The 5.1 ohm Q-damping resistor's demise was amazing because it was virtually shorted-out by less than 0.0003 DC ohms of #12 copper wire when it went kaput ! This resistor had an overload rating of 20W for 5 seconds and it had been destroyed in milliseconds. The only thing that could have so quickly blown away a tough, essentially DC and HF shorted resistor like that was VHF current in the multi-ampere range.

I concluded that the anode-circuit self-resonance of 130MHz was probably the culprit due to the 3-500Z's 110MHz+ rating and the fact that the input resonance was tuned to almost the same frequency. If I could increase the self-resonant frequency of the anode-circuit to a higher frequency, where the 3-500Z's excellent amplifying ability was waning, I suspected that it might reduce the chance for a parasitic-oscillation.

I also decided that, because of the extremely sharp dip at 130MHz, the high Q of the anode-circuit was probably another contributing factor. This problem seemed to be exacerbated by the fact that high VHF-Q silver-plated strap had been used for the combination anode-suppressors/anode-leads. It did not seem logical to use the highest Q material to build a circuit that obviously requires a low-Q to prevent the creation of a transient- induced VHF seed-voltage that could start a parasitic-oscillation.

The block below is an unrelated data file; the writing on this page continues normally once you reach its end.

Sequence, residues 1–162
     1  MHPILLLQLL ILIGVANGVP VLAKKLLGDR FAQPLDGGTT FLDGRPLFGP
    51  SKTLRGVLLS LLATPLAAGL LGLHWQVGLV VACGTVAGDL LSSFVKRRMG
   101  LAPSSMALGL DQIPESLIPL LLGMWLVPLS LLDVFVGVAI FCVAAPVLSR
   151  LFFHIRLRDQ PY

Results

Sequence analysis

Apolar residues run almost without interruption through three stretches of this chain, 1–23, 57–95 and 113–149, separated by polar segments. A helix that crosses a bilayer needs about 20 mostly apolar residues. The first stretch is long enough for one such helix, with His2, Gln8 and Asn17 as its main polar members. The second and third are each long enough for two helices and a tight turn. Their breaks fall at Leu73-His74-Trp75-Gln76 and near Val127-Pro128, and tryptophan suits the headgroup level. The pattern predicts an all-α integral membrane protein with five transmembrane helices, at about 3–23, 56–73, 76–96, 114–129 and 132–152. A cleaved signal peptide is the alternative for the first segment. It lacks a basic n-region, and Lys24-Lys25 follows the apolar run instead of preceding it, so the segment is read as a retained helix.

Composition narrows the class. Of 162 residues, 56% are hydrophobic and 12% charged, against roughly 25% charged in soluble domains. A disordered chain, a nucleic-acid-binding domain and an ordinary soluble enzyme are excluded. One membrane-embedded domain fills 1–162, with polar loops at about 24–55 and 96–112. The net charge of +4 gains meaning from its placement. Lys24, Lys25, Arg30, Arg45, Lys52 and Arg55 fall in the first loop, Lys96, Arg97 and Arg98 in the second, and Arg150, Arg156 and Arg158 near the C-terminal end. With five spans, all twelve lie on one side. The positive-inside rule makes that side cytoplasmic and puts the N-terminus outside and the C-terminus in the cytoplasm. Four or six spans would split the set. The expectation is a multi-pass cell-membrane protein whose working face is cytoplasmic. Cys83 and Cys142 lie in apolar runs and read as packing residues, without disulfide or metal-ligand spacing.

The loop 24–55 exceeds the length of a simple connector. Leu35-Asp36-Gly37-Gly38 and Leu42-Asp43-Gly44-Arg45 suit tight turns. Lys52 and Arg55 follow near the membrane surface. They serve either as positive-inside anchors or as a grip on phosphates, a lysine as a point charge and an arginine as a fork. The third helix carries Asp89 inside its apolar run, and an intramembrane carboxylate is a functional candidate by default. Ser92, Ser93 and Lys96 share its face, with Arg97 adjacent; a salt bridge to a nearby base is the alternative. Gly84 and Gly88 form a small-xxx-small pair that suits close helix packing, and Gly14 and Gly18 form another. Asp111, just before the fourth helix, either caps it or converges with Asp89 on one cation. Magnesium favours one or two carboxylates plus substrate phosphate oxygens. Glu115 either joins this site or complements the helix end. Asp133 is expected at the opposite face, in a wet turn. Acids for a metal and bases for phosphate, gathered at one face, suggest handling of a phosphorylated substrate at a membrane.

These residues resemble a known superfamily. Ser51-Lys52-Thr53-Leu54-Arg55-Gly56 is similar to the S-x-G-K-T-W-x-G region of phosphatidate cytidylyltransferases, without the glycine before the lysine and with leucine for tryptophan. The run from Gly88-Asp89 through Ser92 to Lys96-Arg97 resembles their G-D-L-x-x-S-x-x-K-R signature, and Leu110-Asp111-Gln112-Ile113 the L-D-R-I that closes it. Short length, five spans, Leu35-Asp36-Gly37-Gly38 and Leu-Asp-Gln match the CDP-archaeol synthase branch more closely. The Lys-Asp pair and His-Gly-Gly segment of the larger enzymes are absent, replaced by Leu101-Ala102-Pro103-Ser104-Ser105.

Low-Q Conductors:
The obvious choice for a low-Q conductor is nichrome ribbon or wire. It has 60 times the resistance of copper or silver. Q-measurement tests on a VHF Q-meter, confirmed that nichrome produces a much lower Q than any other commonly available conductor material. Unfortunately, nichrome wire and, especially, flexible nichrome ribbon, is not easy to find or inexpensive. Soft stainless-steel makes a good second-choice because it has 10 times the R of copper and it is commonly available.